Read The Cartel Online

Authors: Don Winslow

Tags: #Literature & Fiction, #United States, #Mystery; Thriller & Suspense, #Mystery, #Cozy, #Animals, #International Mystery & Crime, #Thrillers & Suspense, #Crime, #Thrillers

The Cartel (9 page)

“Herrera is coming with us,” Contreras says now.

Lately, Contreras has become more and more annoyed with his old friend. Ochoa can’t blame him—Herrera had always been high-handed, all the more so since assuming the head chair, and he’s started to treat Contreras more as a subordinate than a partner, interrupting him at meetings, dismissing his opinions.

Still, the two men are friends.

They washed dishes together, served time together, came up the hard way under Garza, a hard man.

The three of them get into Contreras’s new
troca del año,
a Dodge Durango. “You can take the boy out of the country,” Ochoa muses as he squeezes his long legs into the pickup’s narrow rear compartment. Contreras gets behind the wheel—he loves to drive a truck.

In the rural shitholes they grew up in, you were lucky to have a pair of shoes. Even a
was a dream. You’d stand there in the dust and watch the
speed by in their new pickups and think, one day that’s going to be me.

So Contreras has fleets of trucks and SUVs, he has drivers, he even has a private plane with a pilot—but when he gets the chance to get behind the wheel of a pickup truck, he’s going to do it.

As they head out of town toward Contreras’s ranch, Herrera wants to talk. “Did you hear the news? Someone tried to kill Adán Barrera.”

“It wasn’t me,” Contreras says. “His people pay the
If Adán increases volume, it’s more money for us.”

“What if he wants the throne back?” Herrera asks.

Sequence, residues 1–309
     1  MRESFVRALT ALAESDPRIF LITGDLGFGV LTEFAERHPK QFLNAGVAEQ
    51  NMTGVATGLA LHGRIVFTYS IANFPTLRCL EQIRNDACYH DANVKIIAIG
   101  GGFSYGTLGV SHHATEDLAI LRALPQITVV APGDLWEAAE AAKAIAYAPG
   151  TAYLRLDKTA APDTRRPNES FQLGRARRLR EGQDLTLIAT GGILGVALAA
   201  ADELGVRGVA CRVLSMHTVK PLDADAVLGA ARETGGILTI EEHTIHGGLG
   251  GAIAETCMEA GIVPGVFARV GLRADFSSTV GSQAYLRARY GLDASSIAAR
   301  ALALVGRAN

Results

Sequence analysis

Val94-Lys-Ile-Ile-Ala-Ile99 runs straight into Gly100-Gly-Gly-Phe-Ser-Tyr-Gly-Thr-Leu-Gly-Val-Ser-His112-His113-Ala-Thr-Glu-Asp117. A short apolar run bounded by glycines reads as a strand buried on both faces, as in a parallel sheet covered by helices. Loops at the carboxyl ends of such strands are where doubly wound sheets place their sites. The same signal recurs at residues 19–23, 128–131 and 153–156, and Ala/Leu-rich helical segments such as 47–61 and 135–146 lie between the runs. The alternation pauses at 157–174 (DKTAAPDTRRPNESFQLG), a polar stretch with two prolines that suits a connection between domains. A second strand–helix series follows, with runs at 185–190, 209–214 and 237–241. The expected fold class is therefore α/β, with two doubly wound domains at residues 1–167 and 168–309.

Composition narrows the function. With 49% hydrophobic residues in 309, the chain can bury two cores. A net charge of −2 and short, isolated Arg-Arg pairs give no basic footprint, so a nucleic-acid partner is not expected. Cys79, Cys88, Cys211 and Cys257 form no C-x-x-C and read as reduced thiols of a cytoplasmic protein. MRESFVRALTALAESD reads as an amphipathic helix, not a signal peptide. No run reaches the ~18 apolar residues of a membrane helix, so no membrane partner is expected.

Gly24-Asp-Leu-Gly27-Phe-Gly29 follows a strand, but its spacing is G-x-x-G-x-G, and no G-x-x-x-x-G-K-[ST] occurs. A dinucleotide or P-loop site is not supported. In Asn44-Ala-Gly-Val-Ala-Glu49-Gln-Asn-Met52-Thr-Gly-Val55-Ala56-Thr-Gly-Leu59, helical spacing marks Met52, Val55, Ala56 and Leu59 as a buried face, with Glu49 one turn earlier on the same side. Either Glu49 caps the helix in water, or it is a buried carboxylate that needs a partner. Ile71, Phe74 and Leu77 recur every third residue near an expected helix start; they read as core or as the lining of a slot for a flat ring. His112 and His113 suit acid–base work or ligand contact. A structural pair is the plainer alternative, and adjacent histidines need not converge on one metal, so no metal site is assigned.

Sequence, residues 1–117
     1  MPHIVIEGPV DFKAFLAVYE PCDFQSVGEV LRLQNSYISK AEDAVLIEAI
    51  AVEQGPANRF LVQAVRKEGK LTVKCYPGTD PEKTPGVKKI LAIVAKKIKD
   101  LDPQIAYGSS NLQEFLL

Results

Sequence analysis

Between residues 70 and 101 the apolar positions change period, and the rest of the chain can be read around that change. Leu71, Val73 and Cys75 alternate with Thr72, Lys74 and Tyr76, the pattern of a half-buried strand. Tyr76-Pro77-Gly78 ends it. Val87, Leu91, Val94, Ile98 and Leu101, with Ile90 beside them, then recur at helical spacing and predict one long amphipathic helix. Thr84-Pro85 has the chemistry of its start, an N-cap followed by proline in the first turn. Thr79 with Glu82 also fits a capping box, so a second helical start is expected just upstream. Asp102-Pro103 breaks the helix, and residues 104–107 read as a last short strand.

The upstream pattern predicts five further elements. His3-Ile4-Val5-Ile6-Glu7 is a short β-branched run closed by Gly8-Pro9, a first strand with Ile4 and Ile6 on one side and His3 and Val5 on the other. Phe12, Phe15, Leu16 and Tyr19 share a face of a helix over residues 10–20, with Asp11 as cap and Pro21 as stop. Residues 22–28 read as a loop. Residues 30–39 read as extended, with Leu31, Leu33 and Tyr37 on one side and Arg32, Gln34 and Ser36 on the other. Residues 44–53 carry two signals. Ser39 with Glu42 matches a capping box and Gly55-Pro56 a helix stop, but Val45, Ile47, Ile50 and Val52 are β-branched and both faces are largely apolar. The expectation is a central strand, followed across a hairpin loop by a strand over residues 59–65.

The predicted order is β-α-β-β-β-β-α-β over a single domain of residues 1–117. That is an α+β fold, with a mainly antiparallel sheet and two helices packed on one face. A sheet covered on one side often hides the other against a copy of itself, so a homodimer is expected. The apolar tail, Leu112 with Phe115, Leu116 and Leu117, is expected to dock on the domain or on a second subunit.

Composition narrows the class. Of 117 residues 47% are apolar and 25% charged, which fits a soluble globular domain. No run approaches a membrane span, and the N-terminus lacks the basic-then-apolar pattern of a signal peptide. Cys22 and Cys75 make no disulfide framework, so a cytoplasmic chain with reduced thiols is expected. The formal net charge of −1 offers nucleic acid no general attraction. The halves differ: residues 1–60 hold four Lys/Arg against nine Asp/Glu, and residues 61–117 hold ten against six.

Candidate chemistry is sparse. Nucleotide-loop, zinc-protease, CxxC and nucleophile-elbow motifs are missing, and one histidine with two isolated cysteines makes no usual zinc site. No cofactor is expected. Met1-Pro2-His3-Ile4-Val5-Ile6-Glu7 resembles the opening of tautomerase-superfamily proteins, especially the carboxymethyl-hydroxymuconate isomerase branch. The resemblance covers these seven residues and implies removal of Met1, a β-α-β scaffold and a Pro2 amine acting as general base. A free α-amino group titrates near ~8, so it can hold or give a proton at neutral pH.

“He doesn’t.”

“How do you know?”

“He sent Diego Tapia personally,” Contreras answers.

“He didn’t come to see
” Herrera says. “You should have told me.”

“I’m telling you now,” Contreras says. “You think I just like chauffeuring you around?”

Herrera pouts for a few moments and then changes the subject. “A beautiful ceremony, I thought. Although I prefer weddings—you get to fuck the bridesmaids.”

“Or try, anyway,” Contreras answers.

“ ‘There is no try.’ ” Herrera chuckles. “ ‘Just
.’ ”

“I hate those fucking movies,” Osiel says.

Ochoa quietly pulls his pistol from the holster and lays it by his side.

“It’s my big dick they like,” Herrera says. “You should—”

Ochoa sticks the pistol into the back of Herrera’s head and pulls the trigger twice.

Brains, blood, and hair splatter onto the windshield and the console.

Contreras pulls over and puts the truck in park. Ochoa climbs out of the cab and pulls Herrera’s body in the bushes. When he comes back, Contreras is fussing about the mess. “Now I’ll have to have it detailed again.”

“I’ll just dump it someplace.”

“It’s a good truck,” Contreras says. “Have it steam-cleaned, replace the windshield.”

Ochoa is amused. The
spent about thirty-seven minutes working in a body shop and thinks he’s an expert on auto repair.

He’s also cheap.

Ochoa understands that—he grew up poor, too.

He was born on Christmas Day to campesinos in Apan, where life promised little opportunity except to make
or go into the rodeo. Ochoa didn’t see a future in either, or as a tenant farmer, so the day he turned seventeen he ran away and enlisted in the army, where at least he’d have clean sheets, and if the meals were bad, at least there were three of them a day.

A natural soldier, he liked the army, the discipline, the order, the cleanliness so different from the constant dust and filth of the impoverished
he grew up in. He liked the uniforms, the clean clothes, the camaraderie. And if he had to take orders, it was from men he respected, men who’d earned their positions, not just fat
who’d inherited their estates and thought that made them little gods.

And a man could rise in the army, rise above his birth and his accent and make something of himself—not like in Apan, where you were stuck in your class, generation after generation. He watched his father work his life away, come home red-eyed and staggering from the
whip out his belt, and take it out on his wife and his kids.

Not for me, Ochoa thought.

“There was only one man born in a stable on Christmas who ever made anything of himself,” Ochoa liked to say, “and look what they did to him.”

So the army was a refuge, an opportunity.

He was good at it.

His father had made him insensitive to pain; he could take anything the training sergeants could dish out. He liked the brutal training, the hand-to-hand combat, the survival ordeals in the desert. His superiors noticed him and plucked him out for special forces. There they gave him skills—counterinsurgency, counterterrorism, weapons, intelligence, interrogation.